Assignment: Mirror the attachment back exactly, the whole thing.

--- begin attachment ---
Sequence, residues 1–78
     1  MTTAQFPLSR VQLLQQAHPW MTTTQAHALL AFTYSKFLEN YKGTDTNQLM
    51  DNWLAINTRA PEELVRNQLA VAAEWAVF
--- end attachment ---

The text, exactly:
Sequence, residues 1–78
     1  MTTAQFPLSR VQLLQQAHPW MTTTQAHALL AFTYSKFLEN YKGTDTNQLM
    51  DNWLAINTRA PEELVRNQLA VAAEWAVF